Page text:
The first comes from the Protestant think tank Cardus, which recently released an Education Survey that looked at the kinds of people produced by private schools, Catholic schools, Protestant schools, and public schools. The study showed that those who graduated from non-religious private schools and Catholic schools were more likely to have a higher income later in life but were less likely to have a developed religious life. On the other hand, graduates from Protestant schools achieve the same amount of success as public school graduates, but are more likely to practice their faith.
What is striking, however, is the impact that Evangelical Christianity has had on Protestant education. The writers of the survey tell us (almost proudly) that:
We find no evidence that Christian schools are breeding grounds for the right-most wing of po¬litical conservatives, nor do we find that Christian school graduates are “culture warriors.” Graduates of Christian schools are less engaged in politics than their peers…While there are different ways this can be interpreted, there is a growing trend within Christianity in America to value church and family without much dedication to the nation and our civic duty. While we help Catholics regain the sacramental imagery which builds a culture of life through a culture of protection, the Protestants who first understood the nature of the nation must not lose that understanding and flee from the public sphere.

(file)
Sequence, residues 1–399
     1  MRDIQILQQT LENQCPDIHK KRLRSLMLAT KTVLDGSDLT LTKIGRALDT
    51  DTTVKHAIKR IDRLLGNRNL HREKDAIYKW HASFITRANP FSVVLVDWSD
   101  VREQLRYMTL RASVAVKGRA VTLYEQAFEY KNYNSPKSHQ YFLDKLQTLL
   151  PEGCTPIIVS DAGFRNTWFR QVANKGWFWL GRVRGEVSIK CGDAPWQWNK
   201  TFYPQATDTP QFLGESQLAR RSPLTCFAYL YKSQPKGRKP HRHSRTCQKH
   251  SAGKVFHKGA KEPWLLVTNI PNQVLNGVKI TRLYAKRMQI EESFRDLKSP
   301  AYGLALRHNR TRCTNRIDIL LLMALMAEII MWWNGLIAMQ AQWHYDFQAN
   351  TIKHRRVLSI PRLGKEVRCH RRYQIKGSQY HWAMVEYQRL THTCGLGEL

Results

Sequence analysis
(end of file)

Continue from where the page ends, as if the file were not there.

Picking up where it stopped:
The other study comes from the American Sociological Association, which tells us that those with a higher education are actually more likely to attend religious services than the less-educated. As it turns out, college-educated Americans since 1970 have always been more faithful to corporate worship than those without a high school diploma (with a monthly attendance rate of 51% versus 37%). Sadly in the past forty years the numbers of high school drop outs attending monthly religious services has plunged from a sad 37% in 1970 to a depressing 23% today.
True enough attendance is down across the board, but the paltry numbers of poorly educated in America stands in stark contrast with the vast majority of humans throughout history who tended to be religiously devout despite having a lack of formal education. The worship of God satisfies a basic human need: to give thanks to our Creator. But in a culture so wrapped up in getting the next iPad or Xbox, people are too busy thinking of what’s coming next rather than thanking God for what they already have. Besides, when times are tough we are raised to look to an entitlement program rather than to God.
Perhaps the best educational tool our schools can use is to simply say the full Pledge of Allegiance and then pull out a dollar bill and read: “In God we trust.”